And then, of course, there’s [The Wholehearted] Parenting Manifesto by Brené Brown. I really love that. But teachers could read it, too, and I read it, too. I did read it to my son. But it’s all about being vulnerable and accepting who you are. And just like I said, being in the moment. But knowing that you’re important, that’s one of the themes in my book. You are our future, the children are our future and they’re so important in this world. And I have three tips, if you want them, for mindful moments?

SPREEUWENBERG: 

Yes, please share.

CESARE:

Okay, so when I say “mindful moments”, we think, “Well, what do you mean, be in the moment?? Sometimes it could get confusing. What does that really mean? Even for me, even though I wrote this book, I have to stop and really think about how am I going to be in the moment? So, my first tip, I call it the Breathing Moment. So, when we breathe, we breathe volitionally. Breathing is an act of life. You have to breathe to live. But I’m talking about taking breaths. That’s different than breathing.

So, if you take even like three times of breathing in and out, just putting your feet on the ground or even with your children playing, just take a minute, close your eyes, breathe in and breathe out. So, I call that the Breathing Moment, that’s one tip. Not enough breath, but breathing, taking a minute to do breathing.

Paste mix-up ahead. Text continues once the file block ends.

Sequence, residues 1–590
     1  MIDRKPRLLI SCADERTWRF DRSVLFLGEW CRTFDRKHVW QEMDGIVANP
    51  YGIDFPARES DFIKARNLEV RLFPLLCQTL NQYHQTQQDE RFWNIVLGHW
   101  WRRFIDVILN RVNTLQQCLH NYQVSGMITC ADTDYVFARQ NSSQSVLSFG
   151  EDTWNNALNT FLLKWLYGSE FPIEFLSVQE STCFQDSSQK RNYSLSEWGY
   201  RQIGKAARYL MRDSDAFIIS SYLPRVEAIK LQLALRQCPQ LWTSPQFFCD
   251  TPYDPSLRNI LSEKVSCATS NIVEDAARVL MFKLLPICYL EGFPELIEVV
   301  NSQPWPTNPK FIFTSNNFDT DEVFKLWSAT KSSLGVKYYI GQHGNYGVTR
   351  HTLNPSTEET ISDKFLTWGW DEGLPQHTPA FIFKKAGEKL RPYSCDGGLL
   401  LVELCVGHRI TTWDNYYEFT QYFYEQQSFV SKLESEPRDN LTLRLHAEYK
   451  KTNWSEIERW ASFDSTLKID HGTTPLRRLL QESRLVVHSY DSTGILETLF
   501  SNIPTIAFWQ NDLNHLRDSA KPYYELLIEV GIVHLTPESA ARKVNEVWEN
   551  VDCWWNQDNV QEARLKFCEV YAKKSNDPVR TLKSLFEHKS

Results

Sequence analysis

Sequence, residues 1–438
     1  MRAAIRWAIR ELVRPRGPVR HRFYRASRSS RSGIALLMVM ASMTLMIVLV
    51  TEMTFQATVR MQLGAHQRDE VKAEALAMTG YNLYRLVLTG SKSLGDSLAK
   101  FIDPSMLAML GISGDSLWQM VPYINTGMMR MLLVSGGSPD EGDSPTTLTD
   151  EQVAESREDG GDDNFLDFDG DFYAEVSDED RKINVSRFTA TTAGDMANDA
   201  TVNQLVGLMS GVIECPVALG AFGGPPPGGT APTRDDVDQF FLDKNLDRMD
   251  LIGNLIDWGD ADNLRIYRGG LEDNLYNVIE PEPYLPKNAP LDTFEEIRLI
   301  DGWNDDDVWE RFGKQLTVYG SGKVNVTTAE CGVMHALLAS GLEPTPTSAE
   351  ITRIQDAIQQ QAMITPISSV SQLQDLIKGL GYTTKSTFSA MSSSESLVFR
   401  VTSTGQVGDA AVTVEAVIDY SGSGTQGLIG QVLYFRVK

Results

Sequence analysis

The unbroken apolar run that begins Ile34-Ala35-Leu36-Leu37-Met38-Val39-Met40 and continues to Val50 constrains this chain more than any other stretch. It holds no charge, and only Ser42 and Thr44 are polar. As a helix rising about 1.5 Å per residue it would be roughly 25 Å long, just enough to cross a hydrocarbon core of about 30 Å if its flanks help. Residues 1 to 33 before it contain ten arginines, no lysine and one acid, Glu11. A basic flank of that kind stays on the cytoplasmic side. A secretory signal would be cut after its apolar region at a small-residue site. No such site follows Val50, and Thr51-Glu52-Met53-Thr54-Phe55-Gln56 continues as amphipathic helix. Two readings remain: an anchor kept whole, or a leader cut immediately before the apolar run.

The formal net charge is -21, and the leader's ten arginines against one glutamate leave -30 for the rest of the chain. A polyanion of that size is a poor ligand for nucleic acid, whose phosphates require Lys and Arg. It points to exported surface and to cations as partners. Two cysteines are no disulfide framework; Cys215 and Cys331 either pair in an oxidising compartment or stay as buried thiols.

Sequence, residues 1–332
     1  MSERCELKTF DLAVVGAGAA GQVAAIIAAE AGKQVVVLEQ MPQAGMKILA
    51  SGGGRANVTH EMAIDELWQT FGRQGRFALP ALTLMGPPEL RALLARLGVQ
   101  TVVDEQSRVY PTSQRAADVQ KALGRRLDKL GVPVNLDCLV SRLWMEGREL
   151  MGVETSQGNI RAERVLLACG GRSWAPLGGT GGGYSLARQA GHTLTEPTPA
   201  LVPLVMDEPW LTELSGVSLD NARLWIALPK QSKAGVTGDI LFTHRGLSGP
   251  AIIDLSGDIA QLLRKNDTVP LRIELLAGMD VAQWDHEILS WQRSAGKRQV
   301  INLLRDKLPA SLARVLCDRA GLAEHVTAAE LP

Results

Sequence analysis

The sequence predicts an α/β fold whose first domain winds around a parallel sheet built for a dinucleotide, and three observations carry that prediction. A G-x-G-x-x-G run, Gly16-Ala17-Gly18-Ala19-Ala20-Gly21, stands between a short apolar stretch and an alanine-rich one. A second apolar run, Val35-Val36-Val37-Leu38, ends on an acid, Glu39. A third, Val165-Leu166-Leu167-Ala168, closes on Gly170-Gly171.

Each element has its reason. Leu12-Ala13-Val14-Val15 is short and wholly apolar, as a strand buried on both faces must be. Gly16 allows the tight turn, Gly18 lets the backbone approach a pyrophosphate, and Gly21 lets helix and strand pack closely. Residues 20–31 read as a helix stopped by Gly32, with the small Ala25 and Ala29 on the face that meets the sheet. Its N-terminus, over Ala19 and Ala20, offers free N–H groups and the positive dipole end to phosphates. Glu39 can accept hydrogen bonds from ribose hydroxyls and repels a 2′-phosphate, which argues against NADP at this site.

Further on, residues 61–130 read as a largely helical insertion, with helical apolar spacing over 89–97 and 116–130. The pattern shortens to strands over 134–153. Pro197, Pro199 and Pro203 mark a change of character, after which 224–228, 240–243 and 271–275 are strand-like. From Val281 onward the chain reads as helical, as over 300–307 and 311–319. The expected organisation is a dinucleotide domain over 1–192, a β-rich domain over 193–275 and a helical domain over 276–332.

And then I have Nature Moments. So, you could go outside, but not just… if you go outside, if you walk around, if there’s something, if you look up, tonight’s a full moon. Look up and look at the full moment. But what are you hearing? What are you listening for? In my book, there’s the ocean sounds, tide in and tide out. Really take a second to see what you could hear. Take up listening more. So, that’s what I call the Nature Moments.